Defense

Air Force Debuts New Plan to Beat Tech Curve -- ‘Strategic Agility’

Air Force Secretary Deborah Lee James

Air Force Secretary Deborah Lee James // Department of Defense

The Air Force has proven to have a pretty poor record of predicting the future, so it has decided to adopt the concept of “strategic agility” as its operating philosophy over the next 30 years.

Air Force Secretary Deborah Lee James told reporters during a Pentagon press briefing yesterday, the new strategy would help the service better deal with changes in technology and the geopolitical landscape.  

Strategic agility “should allow us to rapidly adjust to evolving threat environments faster than our potential adversaries,” James said.

This means the opportunity to modify or abandon pieces or technologies within programs as needed and the ability to harness rapid prototyping to bring a design idea into service more quickly, she added.

The new 30-year strategy the Air Force introduced yesterday emphasizes that dramatic changes in technology have empowered a wide range of adversaries, including ad hoc groups.

“The portability of information-sharing technology has enabled disaggregated communities to self-organize and threaten unstable governments,” the document stated.

The 22-page strategy paper added, “As the future unfolds, an increased awareness of the opportunities and threats created by disruptive technological change is vital, particularly the implications these changes have for geopolitical balance.”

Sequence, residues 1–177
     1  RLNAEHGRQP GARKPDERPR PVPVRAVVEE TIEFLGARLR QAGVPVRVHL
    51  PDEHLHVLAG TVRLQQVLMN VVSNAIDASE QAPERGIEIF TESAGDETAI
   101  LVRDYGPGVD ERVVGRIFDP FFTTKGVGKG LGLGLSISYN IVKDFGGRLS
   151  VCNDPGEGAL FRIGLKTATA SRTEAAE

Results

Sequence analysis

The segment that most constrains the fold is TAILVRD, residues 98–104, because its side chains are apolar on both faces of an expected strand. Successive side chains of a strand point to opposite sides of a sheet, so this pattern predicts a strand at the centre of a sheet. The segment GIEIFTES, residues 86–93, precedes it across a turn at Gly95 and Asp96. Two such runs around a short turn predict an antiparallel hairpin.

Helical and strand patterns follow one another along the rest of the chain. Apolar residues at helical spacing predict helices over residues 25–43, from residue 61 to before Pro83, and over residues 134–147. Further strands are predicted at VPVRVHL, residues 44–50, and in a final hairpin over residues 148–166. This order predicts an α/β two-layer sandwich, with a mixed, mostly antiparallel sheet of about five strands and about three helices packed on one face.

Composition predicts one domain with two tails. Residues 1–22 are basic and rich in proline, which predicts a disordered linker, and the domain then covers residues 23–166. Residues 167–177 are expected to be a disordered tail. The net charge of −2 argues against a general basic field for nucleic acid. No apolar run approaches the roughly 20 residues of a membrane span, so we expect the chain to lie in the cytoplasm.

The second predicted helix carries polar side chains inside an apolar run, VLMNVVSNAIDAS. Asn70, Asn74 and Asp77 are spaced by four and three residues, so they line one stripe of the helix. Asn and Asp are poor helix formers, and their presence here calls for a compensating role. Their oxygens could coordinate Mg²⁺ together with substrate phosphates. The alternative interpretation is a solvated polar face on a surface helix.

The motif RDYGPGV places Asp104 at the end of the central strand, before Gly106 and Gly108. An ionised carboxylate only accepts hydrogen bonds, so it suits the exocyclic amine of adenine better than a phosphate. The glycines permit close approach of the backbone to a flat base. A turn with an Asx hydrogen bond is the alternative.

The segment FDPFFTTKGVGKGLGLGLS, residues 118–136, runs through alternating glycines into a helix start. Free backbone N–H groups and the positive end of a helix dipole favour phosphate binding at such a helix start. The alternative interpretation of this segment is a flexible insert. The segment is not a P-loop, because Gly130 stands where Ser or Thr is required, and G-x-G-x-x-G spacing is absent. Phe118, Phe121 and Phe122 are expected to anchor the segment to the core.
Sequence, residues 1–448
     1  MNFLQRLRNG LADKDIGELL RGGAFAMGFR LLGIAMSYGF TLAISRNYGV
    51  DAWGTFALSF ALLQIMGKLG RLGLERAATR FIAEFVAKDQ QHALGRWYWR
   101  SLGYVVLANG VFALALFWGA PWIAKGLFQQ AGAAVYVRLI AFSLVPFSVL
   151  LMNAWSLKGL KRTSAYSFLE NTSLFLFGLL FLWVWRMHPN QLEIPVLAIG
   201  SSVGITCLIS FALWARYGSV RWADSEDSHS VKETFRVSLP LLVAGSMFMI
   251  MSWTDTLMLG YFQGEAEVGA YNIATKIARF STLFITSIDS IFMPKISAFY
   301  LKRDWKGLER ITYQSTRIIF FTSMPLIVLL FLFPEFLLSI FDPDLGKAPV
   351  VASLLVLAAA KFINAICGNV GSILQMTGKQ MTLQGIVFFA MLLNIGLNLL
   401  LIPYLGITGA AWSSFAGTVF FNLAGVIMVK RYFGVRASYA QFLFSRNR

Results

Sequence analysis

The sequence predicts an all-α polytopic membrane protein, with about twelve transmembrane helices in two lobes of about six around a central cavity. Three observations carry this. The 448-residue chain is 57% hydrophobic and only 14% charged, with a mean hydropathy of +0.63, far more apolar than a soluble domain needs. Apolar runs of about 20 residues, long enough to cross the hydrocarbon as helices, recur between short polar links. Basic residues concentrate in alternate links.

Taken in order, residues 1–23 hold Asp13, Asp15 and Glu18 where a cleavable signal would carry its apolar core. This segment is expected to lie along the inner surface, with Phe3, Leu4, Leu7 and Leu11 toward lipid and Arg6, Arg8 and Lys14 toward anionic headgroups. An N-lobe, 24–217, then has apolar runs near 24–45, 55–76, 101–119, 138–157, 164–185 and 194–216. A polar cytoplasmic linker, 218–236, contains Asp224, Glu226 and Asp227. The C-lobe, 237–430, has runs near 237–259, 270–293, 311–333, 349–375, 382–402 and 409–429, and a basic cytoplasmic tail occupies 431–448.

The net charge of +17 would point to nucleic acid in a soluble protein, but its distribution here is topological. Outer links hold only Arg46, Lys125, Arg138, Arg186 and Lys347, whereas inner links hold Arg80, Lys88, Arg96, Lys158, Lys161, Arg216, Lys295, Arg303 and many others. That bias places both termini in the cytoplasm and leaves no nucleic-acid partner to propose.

Swift technological change will become the “new norm,” and the Air Force must have the ability to quickly adapt, the strategy paper said, including space and cyberspace operations, per the strategy.

The Air Force also needs to adopt a multidomain role in future operations, in which cyber and space support conventional air missions, rather than each working in isolation, the strategy paper advocated.

The service should also make the switch “from large, complex programs rife with crippling interdependencies to programs with simple, severable components, open architectures and more distributed participation,” the report stated.

The service plans to cut back on contractor support and, in the future, the Air Force will act as its own integrator and synchronizer, James said during the press conference.

The strategy paper also identifies key technologies that “could be game changers,” she said.

“We don't know yet, but they could be -- things like hypersonics, directed energy, to name just a few,” she said. 

The new strategy recommends looking into nanotechnology, advanced unmanned systems and autonomous systems.

But the strategy paper concluded:

“This list is by no means exhaustive. In fact, it’s just the beginning! The future will generate new combinations of technologies we cannot describe, or possibly even imagine, which will shape the way our service provides airpower.”

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